By Julie Manganis
SALEM — A federal judge, who has already gone on record calling prosecutors "overzealous," has granted a new trial to a former Homeland Security official from Salem charged with encouraging her cleaning woman to remain in the country illegally.
Judge Douglas Woodlock cites both the "heedless, hapless and negligent hypocrisy" of Lorraine Henderson, who was Boston area ports director for Customs and Border Protection, and the "stern, solemn and implacable sanctimony" of the U.S. attorney.
Henderson, 54, who had hired Fabiana Bitencourt to clean her Britannia Circle condo, was found guilty in March 2010 of encouraging or inducing a person to be in the United States illegally. Three months later, during a sentencing hearing, her lawyer argued that the verdict should be thrown out or that Henderson should receive a new trial.
Prosecutors are considering an appeal of Woodlock's order.
The judge, who took nearly two years to issue his 51-page decision, concluded that prosecutors were within their rights to bring charges against Henderson — but that his "erroneous" definition of the meaning of the words "encourage" and "induce" in response to a jury question requires that Henderson receive a new trial.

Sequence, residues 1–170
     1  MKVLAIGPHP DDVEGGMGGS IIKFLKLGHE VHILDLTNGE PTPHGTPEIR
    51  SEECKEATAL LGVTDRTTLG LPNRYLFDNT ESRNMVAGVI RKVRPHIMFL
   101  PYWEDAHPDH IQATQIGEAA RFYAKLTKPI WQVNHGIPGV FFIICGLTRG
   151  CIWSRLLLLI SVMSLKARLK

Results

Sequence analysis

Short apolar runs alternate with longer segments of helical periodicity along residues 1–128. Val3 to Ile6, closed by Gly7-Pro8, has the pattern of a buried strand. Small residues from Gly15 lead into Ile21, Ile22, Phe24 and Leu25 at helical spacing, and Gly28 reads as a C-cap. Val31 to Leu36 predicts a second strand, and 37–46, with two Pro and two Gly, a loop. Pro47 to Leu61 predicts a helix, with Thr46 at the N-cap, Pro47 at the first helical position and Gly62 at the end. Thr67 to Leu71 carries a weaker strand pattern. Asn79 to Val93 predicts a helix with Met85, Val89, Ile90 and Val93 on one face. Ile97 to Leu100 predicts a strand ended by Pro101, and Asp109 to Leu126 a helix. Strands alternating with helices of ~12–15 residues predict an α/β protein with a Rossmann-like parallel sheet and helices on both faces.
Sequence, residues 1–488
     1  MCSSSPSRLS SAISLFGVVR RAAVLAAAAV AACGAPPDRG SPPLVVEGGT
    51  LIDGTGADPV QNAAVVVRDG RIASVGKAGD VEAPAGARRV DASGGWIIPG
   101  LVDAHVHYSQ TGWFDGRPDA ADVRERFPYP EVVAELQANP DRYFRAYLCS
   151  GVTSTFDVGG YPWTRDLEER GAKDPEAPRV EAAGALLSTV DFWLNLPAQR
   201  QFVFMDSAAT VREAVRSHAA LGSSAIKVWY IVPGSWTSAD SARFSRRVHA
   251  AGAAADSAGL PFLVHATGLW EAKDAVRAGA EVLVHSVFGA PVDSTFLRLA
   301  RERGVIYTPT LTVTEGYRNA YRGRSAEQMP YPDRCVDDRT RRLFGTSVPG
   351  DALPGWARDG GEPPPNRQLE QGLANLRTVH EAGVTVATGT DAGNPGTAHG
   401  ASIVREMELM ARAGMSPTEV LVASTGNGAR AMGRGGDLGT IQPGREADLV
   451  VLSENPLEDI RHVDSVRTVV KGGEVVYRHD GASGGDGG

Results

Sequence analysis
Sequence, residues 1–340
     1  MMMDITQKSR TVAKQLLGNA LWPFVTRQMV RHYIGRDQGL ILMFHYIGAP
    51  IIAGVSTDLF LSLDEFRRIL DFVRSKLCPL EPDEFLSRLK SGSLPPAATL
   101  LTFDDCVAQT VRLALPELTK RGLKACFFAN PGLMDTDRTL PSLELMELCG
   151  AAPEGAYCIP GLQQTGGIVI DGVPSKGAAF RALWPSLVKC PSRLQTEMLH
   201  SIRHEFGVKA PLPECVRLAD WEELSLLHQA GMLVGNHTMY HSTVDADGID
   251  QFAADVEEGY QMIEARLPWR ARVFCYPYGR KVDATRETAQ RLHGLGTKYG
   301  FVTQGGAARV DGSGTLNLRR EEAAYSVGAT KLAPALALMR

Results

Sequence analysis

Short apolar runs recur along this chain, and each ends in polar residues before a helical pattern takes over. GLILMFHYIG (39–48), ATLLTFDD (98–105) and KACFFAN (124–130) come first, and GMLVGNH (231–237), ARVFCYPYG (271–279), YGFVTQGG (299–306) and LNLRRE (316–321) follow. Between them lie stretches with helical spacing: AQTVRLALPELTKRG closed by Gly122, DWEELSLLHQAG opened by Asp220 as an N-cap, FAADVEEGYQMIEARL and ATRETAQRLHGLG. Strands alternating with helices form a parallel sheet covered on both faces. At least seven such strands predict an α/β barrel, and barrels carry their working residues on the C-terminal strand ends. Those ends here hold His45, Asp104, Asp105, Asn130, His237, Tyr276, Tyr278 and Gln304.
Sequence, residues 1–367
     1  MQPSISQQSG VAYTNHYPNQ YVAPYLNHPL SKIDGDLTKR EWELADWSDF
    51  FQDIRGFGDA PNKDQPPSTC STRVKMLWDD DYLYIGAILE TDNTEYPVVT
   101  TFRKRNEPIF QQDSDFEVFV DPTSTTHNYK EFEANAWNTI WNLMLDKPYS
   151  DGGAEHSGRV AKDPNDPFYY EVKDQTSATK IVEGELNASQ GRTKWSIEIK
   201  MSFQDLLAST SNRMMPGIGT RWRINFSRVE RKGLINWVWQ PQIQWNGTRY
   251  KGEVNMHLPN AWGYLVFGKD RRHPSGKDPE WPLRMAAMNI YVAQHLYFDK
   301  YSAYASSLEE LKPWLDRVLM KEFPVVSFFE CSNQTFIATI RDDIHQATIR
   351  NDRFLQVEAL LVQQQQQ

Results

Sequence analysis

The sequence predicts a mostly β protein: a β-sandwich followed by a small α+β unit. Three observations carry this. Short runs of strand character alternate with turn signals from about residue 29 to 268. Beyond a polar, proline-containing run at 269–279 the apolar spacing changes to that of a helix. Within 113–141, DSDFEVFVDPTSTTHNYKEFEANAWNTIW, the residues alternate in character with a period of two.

The decision was released yesterday.
Woodlock also warned that prosecutors face an uphill battle if they retry Henderson, suggesting there's evidence that Bitencourt would probably have stayed in the United States regardless of Henderson's advice.
"A sense of outrage out of proportion to the circumstances of the misconduct here has apparently driven the case to be pursued as a felony," the judge wrote, noting that a juror reached out to him after the trial to express similar views.
Woodlock suggested it was punishment enough that Henderson lost her job over the matter.
"I view the pursuit of this case to have been overkill," the judge wrote.
Henderson's lawyer, Francis DiMento, said he has mixed feelings about the ruling, since it does not end the case, as he had hoped when he asked the judge to set aside the jury's verdict.
But he said he's encouraged by the fact that the evolving case law on what it means to "encourage or induce" someone into criminal conduct has created a higher burden on the prosecutors, should they pursue a new trial.
Christina DiIorio-Sterling, a spokeswoman for the U.S. attorney, said in a statement that prosecutors "have great concern with the court's decision to disrupt the jury's verdict finding Ms. Henderson guilty."
"We are assessing our options, including an appeal," she said.
DiMento suggested it's ironic that his client, who felt empathy for Bitencourt, was looking for a legal way for the cleaning woman to stay in the United States and inadvertently found one — Bitencourt has been allowed to stay because she is the government's key witness against Henderson.
Courts reporter Julie Manganis may be reached at 978-338-2521 or firstname.lastname@example.org.